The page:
As divorce, blended families, and second and third marriages become more common in our society, the questions of how these changing family dynamics will impact our aging population have become more complicated.
The issue of divorce becomes especially complicated when there is an adult who is incapacitated. Under current law, a guardian under Mental Hygiene Law (MHL) Article 81 Guardianship may not prosecute an action for absolute divorce. This means that the guardian cannot seek a divorce on behalf of the incapacitated person.
Furthermore, a guardian cannot continue to prosecute an action for divorce once the plaintiff in the action is determined to be an incapacitated person in a guardianship proceeding. The courts have indicated that the reason for this is because the law does not specifically provide for a guardian to have the authority to initiate divorce proceedings, therefore the right to seek a divorce belongs solely to the individual.
Notwithstanding the fact that a guardian cannot either start a divorce proceeding or continue one that the incapacitated person started prior to being declared incapacitated, there are options available to the guardian in order to end the marriage.
It is possible for a guardian to seek an annulment of a marriage if the circumstances warrant it. In most cases where a guardian has been successful in annulling a marriage of an incapacitated person, the incapacitated person has been financially exploited or subject to elder abuse and the marriage was a result of the abuse or exploitation. The courts have allowed a guardian to annul a marriage because the individual did not have had the capability to consent to the marriage.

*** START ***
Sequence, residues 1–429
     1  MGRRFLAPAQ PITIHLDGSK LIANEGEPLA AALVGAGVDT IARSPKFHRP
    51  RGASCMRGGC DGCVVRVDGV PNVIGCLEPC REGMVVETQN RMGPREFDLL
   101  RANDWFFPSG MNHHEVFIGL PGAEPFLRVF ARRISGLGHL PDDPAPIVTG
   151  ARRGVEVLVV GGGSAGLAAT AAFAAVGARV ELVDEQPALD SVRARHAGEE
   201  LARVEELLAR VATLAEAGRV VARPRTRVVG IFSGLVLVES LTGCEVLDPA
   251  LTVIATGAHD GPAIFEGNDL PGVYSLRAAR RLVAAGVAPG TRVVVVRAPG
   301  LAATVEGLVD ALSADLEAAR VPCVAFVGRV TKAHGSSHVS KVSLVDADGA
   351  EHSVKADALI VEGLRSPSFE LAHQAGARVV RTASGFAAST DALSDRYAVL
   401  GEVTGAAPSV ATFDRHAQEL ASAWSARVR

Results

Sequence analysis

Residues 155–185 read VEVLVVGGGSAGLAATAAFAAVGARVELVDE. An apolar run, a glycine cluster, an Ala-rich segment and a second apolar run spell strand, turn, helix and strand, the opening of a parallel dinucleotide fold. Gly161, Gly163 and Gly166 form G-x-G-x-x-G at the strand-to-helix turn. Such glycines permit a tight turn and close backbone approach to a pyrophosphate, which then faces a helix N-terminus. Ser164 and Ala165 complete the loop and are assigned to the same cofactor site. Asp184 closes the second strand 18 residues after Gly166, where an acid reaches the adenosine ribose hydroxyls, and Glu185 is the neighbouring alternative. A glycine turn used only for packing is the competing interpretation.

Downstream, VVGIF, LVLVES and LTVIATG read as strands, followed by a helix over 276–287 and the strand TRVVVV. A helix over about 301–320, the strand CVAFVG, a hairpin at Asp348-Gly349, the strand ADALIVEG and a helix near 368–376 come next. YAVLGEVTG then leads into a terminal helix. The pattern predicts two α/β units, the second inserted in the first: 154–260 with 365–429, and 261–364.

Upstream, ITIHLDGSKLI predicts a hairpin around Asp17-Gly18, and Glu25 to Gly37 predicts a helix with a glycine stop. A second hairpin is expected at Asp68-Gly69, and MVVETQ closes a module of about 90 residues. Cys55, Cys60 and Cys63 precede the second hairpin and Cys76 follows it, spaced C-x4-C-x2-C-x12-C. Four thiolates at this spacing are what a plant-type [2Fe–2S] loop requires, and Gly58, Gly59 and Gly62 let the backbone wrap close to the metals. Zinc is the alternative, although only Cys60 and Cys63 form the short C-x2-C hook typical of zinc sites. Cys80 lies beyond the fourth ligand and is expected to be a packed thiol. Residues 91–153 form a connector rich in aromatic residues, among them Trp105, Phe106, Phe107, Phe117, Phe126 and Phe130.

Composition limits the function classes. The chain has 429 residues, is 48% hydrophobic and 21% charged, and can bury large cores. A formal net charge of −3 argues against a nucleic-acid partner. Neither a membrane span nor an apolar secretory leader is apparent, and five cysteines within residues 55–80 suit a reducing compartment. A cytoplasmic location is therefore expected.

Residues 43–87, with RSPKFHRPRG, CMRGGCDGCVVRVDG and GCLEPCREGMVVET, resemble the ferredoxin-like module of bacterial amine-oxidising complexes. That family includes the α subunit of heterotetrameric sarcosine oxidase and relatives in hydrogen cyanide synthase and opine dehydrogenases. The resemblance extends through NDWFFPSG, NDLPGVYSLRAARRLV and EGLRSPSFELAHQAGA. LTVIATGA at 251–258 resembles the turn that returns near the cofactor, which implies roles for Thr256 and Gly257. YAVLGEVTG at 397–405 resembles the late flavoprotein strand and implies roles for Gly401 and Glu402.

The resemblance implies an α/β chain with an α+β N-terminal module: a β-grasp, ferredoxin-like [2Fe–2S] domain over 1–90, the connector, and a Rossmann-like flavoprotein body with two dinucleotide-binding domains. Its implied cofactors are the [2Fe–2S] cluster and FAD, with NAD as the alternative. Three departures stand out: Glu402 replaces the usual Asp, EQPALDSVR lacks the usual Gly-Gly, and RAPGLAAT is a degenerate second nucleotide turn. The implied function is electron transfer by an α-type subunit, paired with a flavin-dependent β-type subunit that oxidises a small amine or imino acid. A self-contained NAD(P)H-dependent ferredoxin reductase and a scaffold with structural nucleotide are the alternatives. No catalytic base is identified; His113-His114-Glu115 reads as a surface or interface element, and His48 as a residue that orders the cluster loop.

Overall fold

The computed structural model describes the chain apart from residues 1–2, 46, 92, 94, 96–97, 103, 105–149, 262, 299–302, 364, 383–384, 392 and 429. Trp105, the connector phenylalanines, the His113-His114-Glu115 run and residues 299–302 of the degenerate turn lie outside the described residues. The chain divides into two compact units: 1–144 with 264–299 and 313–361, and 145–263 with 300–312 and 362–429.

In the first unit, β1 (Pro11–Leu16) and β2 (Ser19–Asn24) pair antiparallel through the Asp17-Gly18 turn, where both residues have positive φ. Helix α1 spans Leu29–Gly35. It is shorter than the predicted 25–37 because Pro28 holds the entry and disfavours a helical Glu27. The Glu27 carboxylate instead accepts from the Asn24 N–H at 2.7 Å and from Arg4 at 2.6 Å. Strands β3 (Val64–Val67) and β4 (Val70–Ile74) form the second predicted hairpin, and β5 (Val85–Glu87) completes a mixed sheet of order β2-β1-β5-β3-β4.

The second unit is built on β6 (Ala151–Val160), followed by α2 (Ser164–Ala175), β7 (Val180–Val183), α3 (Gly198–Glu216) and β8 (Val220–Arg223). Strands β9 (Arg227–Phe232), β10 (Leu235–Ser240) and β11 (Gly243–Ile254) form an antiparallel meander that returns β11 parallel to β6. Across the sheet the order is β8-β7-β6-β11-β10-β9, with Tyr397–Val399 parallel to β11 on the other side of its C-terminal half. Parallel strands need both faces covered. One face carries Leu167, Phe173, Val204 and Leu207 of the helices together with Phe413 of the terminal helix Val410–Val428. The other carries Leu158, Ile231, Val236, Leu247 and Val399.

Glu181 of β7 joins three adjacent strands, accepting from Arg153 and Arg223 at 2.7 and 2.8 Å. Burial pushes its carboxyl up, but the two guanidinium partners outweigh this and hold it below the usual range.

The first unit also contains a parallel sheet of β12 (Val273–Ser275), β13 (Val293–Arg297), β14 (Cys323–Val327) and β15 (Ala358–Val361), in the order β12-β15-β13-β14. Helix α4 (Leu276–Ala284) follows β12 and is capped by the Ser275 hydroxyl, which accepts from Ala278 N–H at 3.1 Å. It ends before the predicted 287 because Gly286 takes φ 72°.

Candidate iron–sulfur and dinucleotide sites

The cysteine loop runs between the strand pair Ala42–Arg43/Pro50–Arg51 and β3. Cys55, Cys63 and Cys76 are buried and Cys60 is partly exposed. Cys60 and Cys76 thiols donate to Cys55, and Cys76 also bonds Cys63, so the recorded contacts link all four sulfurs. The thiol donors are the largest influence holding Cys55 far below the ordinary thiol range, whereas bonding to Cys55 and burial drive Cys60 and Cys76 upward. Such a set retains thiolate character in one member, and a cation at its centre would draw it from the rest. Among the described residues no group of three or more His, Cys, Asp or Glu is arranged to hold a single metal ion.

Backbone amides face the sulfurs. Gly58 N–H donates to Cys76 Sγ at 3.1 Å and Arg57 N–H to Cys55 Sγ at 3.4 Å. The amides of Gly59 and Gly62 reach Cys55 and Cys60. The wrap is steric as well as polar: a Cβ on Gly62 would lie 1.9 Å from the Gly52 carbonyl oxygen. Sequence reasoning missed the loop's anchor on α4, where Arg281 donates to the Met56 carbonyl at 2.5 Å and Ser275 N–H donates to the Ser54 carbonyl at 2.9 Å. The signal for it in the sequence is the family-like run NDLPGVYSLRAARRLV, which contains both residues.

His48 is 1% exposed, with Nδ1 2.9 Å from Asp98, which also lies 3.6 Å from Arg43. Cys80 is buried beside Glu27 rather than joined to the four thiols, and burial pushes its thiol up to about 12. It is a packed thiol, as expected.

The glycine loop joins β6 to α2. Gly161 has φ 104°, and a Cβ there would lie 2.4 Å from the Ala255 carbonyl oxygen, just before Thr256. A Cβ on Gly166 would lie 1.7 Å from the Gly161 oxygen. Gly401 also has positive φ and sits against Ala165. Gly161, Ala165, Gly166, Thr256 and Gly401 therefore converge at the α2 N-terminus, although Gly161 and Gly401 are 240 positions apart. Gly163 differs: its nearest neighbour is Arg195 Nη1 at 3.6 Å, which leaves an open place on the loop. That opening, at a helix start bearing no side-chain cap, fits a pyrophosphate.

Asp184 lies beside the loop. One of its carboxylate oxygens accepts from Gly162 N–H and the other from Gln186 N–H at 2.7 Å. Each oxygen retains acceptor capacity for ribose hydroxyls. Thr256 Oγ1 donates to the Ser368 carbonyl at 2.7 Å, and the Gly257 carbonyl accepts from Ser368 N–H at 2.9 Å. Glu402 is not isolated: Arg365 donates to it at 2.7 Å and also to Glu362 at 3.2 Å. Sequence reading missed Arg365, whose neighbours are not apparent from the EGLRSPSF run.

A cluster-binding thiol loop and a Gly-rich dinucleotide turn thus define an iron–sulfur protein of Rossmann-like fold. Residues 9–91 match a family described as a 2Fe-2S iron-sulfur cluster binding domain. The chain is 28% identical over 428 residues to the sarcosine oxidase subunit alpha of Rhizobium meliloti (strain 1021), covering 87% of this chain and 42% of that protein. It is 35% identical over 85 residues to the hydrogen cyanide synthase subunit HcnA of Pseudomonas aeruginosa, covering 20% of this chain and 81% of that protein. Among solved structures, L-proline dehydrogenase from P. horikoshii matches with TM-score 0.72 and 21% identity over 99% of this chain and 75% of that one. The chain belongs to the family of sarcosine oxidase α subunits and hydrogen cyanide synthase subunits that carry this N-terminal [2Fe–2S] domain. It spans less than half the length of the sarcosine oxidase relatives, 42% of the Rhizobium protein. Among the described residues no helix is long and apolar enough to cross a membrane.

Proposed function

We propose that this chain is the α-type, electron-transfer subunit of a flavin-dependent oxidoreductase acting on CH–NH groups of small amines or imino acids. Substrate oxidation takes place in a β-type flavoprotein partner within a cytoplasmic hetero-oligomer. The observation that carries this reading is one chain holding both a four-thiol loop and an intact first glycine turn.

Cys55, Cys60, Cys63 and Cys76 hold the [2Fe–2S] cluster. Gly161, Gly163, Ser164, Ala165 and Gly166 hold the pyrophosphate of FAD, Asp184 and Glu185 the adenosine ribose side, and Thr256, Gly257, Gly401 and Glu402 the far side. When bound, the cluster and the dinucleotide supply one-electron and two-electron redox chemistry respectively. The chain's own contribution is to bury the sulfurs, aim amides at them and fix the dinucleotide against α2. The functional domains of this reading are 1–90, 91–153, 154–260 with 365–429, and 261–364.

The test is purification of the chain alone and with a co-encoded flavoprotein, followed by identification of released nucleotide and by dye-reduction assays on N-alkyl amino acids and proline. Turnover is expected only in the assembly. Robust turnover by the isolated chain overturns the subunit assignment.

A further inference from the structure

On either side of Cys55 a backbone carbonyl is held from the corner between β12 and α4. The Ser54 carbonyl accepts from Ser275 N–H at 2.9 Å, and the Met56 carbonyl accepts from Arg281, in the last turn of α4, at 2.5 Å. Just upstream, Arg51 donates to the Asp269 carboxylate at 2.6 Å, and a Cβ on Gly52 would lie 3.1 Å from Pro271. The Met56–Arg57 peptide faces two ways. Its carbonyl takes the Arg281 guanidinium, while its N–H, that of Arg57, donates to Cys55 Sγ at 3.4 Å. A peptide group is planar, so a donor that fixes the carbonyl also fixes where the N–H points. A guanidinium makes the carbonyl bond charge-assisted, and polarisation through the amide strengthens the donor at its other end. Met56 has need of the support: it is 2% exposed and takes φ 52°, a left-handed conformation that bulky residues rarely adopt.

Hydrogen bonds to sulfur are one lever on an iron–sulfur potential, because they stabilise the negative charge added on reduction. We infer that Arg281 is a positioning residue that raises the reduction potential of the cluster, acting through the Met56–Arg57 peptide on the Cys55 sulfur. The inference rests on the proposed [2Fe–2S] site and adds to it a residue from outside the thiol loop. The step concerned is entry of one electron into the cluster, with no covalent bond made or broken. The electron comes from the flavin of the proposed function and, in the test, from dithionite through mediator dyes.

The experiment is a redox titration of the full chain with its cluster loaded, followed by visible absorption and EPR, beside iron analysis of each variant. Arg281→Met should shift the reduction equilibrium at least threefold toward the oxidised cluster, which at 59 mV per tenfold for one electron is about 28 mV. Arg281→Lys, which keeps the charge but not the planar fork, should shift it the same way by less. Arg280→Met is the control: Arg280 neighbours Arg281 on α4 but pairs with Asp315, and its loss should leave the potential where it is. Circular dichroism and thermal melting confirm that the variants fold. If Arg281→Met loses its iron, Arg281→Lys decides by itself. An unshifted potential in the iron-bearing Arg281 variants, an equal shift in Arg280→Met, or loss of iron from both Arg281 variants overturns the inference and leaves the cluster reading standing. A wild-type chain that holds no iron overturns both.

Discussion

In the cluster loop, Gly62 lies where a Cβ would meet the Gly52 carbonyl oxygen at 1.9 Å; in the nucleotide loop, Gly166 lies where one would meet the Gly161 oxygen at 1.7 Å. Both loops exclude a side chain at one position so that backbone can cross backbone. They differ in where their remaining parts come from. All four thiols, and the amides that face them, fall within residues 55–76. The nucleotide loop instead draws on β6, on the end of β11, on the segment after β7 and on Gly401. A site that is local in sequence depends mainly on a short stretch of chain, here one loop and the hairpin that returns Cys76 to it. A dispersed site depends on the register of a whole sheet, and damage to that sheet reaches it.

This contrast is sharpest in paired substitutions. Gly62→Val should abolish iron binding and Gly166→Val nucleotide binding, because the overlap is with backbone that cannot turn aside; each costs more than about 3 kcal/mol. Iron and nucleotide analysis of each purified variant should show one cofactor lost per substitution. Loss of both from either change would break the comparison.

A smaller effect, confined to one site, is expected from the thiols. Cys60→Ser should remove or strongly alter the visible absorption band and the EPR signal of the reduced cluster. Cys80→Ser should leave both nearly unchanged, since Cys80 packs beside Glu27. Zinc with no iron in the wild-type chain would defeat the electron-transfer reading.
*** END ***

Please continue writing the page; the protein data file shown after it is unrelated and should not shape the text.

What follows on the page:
It is also possible for an MHL Article 81 guardian to defend a divorce proceeding initiated by the spouse of the incapacitated person.
Another option available to a guardian is to seek a legal separation. It is important to note that there are significant legal differences between a divorce and legal separation and a divorce that will impact the rights of the incapacitated person, so the guardian should carefully consider the implications of a legal separation before moving forward with this option.
The underlying and most important obstacle to the guardian’s ability to procure a divorce or legal separation is the incapacitated person’s wishes. Since the law requires that the guardian affords the incapacitated person the greatest amount of independence and self-determination with respect to the personal needs if the Incapacitated Person does not wish to be divorced or legally separated than the guardian should honor that wish.